After careful reflection and consultation with many people in the profession whom I have known for many years, I have found that I am duty bound to speak on a subject of such grave concern not only to the legal profession of which I have long been a member but, I firmly and passionately believe, to the wider public interest, which is being defeated and damaged by the Government’s proposed measures.

The quality of justice and the judiciary in this country is one of the proudest assets of which we can boast. When I say “the quality of justice”, I refer to all those involved in the administration of justice in this country. We sometimes forget that when we speak of the administration of justice, we are talking not only of those who dispense justice from the bench, the magistrates courts, the Crown courts, the High Courts and the county courts right up to the House of Lords itself. Critically, we are also talking of those who assist the administration of justice in an essential way—those who represent people before the courts, whether they be solicitors or members of the Bar. It is upon their integrity, competence and willingness to commit themselves to their clients’ cause—their decision to go that extra mile to discern whether the interests of justice help their client and to discover a particular way to assist them—that the administration of justice integrally and importantly depends.


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All members of the justice system administered in this country should do their job with the maximum vigour. Only that guarantees the system’s success. During the 25 years for which I have practised, I have seen the most breathtaking commitment. People not remunerated at all well have given their time—frequently knowing that they will not be paid for it, or certainly not paid at any commercial rate—trying, at 9 o’clock in the evening, to find a bail hostel for a drug addict; trying to find a probation officer to give their client a chance and to look into his case; trying to find a way to help their client in a criminal legal aid case to avoid the spiral of imprisonment and continuing drug addiction.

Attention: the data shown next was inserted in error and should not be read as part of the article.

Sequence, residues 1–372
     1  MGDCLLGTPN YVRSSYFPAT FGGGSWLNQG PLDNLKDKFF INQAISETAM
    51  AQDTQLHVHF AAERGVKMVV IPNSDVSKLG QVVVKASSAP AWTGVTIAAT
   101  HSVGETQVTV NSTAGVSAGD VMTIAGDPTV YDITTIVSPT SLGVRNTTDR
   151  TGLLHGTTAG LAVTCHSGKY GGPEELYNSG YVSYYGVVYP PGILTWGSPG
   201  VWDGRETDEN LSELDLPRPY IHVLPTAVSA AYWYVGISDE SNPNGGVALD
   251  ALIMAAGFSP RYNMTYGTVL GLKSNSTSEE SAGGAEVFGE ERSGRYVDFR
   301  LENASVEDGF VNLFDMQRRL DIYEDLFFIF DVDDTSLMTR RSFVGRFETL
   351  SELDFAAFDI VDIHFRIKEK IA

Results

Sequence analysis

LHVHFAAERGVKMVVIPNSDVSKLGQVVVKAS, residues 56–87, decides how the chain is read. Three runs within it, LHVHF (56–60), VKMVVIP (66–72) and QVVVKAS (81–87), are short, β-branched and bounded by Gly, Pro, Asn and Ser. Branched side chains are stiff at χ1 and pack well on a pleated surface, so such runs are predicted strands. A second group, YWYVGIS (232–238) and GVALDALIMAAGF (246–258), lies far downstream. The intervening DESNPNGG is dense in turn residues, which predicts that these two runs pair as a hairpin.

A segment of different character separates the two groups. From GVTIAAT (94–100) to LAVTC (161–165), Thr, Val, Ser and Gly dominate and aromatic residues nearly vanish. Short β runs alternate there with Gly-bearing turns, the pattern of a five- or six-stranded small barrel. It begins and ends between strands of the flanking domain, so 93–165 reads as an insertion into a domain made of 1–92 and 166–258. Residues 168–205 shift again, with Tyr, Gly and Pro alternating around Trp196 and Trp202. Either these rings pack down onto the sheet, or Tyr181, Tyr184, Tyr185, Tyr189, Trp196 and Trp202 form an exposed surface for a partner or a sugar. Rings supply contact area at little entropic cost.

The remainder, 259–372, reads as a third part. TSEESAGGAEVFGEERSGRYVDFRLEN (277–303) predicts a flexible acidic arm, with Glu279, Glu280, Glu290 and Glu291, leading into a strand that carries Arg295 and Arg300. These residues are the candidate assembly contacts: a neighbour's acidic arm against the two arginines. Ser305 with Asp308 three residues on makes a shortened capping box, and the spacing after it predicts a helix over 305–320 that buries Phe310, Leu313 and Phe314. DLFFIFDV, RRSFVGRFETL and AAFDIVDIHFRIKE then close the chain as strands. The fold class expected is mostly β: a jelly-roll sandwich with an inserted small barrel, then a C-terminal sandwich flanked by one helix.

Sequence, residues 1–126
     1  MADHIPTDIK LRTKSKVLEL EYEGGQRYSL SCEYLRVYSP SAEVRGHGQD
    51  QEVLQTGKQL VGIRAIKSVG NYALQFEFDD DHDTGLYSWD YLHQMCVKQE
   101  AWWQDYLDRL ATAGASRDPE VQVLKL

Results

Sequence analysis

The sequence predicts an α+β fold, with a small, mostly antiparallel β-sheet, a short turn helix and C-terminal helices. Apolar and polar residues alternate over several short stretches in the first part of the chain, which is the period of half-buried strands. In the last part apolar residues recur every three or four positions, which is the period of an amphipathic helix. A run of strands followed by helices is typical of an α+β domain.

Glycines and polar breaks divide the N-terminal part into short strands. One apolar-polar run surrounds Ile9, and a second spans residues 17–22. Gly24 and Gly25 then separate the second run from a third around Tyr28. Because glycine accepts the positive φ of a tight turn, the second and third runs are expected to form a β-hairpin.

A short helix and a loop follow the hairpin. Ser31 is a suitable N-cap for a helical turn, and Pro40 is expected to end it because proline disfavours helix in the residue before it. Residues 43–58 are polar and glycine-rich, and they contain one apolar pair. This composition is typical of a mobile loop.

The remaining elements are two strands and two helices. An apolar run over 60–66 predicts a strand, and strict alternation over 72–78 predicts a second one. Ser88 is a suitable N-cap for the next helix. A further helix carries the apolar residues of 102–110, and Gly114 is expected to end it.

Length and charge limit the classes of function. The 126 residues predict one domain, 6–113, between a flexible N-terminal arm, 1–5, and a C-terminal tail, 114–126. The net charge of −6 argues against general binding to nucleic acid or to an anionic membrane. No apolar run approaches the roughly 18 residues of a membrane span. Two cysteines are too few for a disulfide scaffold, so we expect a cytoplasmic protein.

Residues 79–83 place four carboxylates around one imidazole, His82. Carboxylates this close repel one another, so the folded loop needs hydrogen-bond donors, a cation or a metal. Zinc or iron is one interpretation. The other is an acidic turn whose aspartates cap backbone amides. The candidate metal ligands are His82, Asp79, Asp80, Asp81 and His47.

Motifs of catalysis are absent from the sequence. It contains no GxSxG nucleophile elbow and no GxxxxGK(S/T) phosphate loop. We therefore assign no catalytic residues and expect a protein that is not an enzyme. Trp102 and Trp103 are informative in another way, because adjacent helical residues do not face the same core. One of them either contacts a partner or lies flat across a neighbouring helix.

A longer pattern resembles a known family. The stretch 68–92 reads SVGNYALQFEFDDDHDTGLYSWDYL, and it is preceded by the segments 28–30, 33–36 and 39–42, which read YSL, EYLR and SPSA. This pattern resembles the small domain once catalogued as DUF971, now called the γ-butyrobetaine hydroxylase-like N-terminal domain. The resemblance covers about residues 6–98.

I have seen such things personally. I have seen how solicitors paid on legal aid contribute every day with their effort, energy and dedication to the administration of our justice system. We should be proud of that system, and we should be proud of them. Their remuneration does not make them fat cats, although I suspect that many people regard them as such, and I often wonder whether this Government do too.

I say more in sorrow than in anger that I cannot help feeling that some of the measures shortly to be put before the House are driven by what we have seen from this Government in recent years: a regrettable tendency to denigrate those who practise in the criminal justice system. I do not mean only judges, although it is true that the Executive have repeatedly denigrated them. All sorts of extraordinary remarks have been made not only about judges, but about other practitioners in the field. I seem to recall that a former Home Secretary of this Government referred two or three years ago to “bent briefs” who tried too hard for their clients. I am not sure that the two are necessarily related. However, that kind of remark and that kind of atmosphere seem to be driving what is almost contempt for those involved in legal aid and the legal profession—particularly those engaged in representing people in the criminal courts.

The measures will lead to a brutal degradation of legal services. Some 600 to 1,100 firms will close or merge. Black and minority ethnic solicitors will be particularly affected, as will rural firms in constituencies such as mine. The plight of those firms is the burden of my short speech.

From time to time in my surgeries, I see people at their wits’ end, unable to get help with legal problems that are desperately and obviously important to them; other hon. Members must have similar experiences. For example, I have seen a lady with learning disabilities, who was married to a violent husband, and a man whose stepmother had left a disputed will, the money from which would have set him up and enabled him to escape poverty. There are so many ways in which legal problems can go to the root of somebody’s life. Unless such people can easily get advice and help, the problem of going to the law to tackle the issue that stands in their way can often be insurmountable.